TL;DR

fatpack is a fatpacked version of fatpack.

Every now and then, fatpack comes handy to cram all pure-Perl modules inside the same program that uses them.

This usually involves installing App::FatPacker and using fatpack from that installation. Of course I was not the first to think that a fatpacked version might be useful (e.g. see Fatpacked fatpack script).

It turns out that the program is somehow resistant to the process - let’s take a look.

An annoying print

The first annoying thing that yields an error during the packing process of fatpack is that, by default, it prints this string:

Try `perldoc fatpack` for how to use me

Fact is that this is printed on standard output, which is the same channel where one of the packing steps send the list of modules to be included (more or less). Long story short, fatpack tries to include a module whose literal name is Try `perldoc fatpack` for how to use me - with an error.

My solution to this is to change channel for this message and print it on standard error.

--- a/lib/App/FatPacker.pm
+++ b/lib/App/FatPacker.pm
@@ -64,7 +64,7 @@ sub run_script {
 }
 
 sub script_command_help {
-  print "Try `perldoc fatpack` for how to use me\n";
+  print {*STDERR} "Try `perldoc fatpack` for how to use me\n";
 }
 
 sub script_command_pack {

I wonder if this spoils the fun for anyone (i.e. if anyone relies on that specific message to appear in standard output for any reason).

Where is App::FatPacker::Trace?

Removing the print removes the complaints while packing fatpack, but the resulting program is still not useable.

In this case, the problem is that the tracing step needs to call the target program and inject module App::FatPacker::Trace to figure out all the modules that should be included in the pack.

Fact is that, with the packed fatpack, the App::FatPacker::Trace module is nowhere to be found during this call. This module is inside the packed fatpack! For this reason, we get something like this:

$ fatpackd pack example.pl > example-fp.pl
Can't locate App/FatPacker/Trace.pm in @INC (you may need to install the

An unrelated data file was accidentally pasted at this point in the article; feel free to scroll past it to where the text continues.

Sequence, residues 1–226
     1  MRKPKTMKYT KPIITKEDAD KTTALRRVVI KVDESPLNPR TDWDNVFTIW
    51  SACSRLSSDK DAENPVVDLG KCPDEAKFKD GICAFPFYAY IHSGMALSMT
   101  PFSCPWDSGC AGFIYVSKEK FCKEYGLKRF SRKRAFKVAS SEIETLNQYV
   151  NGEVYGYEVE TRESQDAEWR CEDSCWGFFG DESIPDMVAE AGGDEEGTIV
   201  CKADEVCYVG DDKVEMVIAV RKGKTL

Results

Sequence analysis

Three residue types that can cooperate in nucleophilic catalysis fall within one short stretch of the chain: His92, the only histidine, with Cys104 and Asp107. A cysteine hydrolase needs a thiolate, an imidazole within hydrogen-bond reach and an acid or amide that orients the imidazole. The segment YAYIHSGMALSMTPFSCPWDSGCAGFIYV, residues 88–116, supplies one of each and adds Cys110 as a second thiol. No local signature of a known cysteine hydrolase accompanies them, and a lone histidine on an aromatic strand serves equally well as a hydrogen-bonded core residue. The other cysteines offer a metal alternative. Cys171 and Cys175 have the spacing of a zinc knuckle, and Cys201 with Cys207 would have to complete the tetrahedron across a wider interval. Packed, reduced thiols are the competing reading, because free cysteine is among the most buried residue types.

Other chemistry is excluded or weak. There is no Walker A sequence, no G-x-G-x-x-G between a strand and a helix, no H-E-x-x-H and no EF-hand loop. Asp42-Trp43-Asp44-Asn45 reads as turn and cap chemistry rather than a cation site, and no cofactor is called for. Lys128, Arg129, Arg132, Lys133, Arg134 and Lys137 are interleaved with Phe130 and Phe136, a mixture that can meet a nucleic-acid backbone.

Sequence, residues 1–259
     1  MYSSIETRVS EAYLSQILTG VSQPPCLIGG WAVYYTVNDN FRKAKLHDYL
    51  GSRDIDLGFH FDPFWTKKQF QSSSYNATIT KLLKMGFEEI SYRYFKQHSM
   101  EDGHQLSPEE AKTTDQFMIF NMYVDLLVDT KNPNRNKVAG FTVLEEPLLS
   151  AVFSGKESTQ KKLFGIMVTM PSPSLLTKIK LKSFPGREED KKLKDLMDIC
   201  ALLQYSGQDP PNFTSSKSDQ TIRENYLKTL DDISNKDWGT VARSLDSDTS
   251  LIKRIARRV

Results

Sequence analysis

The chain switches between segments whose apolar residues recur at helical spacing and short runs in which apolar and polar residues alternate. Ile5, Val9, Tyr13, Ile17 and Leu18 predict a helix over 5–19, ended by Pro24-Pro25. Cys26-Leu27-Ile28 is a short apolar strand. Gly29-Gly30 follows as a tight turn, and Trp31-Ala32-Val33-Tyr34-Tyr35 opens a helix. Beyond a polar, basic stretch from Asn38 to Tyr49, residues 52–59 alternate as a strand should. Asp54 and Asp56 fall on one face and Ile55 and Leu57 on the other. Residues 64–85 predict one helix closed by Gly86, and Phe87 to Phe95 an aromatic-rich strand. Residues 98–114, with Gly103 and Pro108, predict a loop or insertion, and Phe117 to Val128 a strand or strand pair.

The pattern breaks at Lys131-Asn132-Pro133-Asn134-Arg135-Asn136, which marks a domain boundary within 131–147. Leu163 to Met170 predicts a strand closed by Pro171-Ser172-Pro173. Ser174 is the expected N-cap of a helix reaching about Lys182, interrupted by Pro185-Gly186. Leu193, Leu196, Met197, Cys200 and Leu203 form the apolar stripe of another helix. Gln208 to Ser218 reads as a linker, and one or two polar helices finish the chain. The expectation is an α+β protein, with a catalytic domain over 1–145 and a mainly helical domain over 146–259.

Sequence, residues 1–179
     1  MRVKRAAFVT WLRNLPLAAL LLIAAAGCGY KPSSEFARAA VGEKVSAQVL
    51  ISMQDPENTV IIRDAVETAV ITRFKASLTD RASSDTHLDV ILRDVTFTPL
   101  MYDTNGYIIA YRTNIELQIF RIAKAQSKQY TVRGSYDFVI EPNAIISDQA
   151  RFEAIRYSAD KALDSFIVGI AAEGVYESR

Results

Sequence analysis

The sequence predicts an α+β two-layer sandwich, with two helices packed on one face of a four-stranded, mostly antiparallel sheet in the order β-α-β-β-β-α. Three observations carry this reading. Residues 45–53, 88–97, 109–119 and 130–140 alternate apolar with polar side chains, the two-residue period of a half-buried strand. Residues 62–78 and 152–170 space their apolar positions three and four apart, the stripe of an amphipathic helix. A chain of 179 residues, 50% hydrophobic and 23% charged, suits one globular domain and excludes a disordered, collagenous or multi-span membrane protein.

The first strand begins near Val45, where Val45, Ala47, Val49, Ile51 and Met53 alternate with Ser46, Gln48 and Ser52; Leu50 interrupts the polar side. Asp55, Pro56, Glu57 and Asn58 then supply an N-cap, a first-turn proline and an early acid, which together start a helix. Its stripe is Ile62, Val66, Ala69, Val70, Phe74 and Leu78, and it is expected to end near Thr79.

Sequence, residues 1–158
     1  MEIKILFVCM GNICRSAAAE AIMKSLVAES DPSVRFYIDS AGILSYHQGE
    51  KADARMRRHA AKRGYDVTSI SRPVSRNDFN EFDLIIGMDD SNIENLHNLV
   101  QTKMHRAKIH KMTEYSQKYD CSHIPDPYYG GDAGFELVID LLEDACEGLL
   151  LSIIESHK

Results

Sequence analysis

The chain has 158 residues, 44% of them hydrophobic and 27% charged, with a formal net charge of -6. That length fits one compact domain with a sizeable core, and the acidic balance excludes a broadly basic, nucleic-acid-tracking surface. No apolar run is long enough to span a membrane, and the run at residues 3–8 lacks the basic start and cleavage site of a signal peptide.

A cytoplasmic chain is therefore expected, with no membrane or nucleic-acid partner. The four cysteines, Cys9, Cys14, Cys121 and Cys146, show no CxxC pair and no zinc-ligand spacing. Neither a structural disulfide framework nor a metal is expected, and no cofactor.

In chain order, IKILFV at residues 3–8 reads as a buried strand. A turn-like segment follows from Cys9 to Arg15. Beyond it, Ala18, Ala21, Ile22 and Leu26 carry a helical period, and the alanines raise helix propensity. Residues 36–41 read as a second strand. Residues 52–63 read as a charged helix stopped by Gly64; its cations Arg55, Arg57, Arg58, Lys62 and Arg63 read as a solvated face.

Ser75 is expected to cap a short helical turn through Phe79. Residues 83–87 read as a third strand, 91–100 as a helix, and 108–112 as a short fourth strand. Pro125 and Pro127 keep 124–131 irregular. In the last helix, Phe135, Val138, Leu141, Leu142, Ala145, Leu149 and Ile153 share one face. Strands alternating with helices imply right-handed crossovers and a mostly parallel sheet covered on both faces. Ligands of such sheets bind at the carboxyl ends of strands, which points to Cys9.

App::FatPacker::Trace module) (@INC contains:...

My solution to this is to detect whether we’re running a packed version of fatpack, and save the module in a temporary directory that is then included in PERL5LIB:

--- a/lib/App/FatPacker.pm
+++ b/lib/App/FatPacker.pm
@@ -111,9 +111,41 @@ sub script_command_trace {
   );
 }
 
+
+sub _fatpacked_save_Trace_for_INC {
+  my ($self, $instance) = @_;
+  require File::Temp;
+  my $dir = File::Temp::tempdir(CLEANUP => 1);
+
+  require File::Spec;
+  my ($v, $ds) = File::Spec->splitpath($dir, 'no-file-please');
+  my @ds = File::Spec->splitdir($ds);
+
+  require File::Path;
+  $ds = File::Spec->catdir(@ds, 'App');
+  File::Path::make_path(File::Spec->catpath($v, $ds, 'FatPacker'));
+
+  $ds = File::Spec->catdir(@ds, 'App', 'FatPacker');
+  my $trace_file = File::Spec->catpath($v, $ds, 'Trace.pm');
+
+  open my $fh, '>:raw', $trace_file or die "open('$trace_file'): $!\n";
+  print {$fh} $instance->{'App/FatPacker/Trace.pm'};
+  close $fh;
+
+  return $dir;
+}
+
 sub trace {
   my ($self, %opts) = @_;
 
+  # save App::FatPacker::Trace to the filesystem and adjust PERL5LIB
+  # if using a fatpacked fatpacker.
+  local $ENV{PERL5LIB} = $ENV{PERL5LIB} || '';
+  if (my ($instance) = grep {ref($_) =~ m{^FatPacked}mxs} @INC) {
+    my $lib_dir = $self->_fatpacked_save_Trace_for_INC($instance);
+    $ENV{PERL5LIB} = join ':', $lib_dir, ($ENV{PERL5LIB} || ());
+  }
+
   my $output = $opts{output};
   my $trace_opts = join ',', $output||'>&STDOUT', @{$opts{use}||[]};

The _fatpacked_save_Trace_for_INC function does the heavylifting (create the right temporary directory, save Trace.pm) and the main trace function is modified to cope with the needed changes to PERL5LIB if they are needed.

Seems to work!

A little test with a sample program showed me that its output is the same as the one coming from the normal installation - yay!

Here is the fatpacked program: fatpack. The COPYRIGHT and LICENSE remain the same as App::FatPacker!

Next step will be to get in touch with the people that take care of it… and hope they will find the idea useful 🤗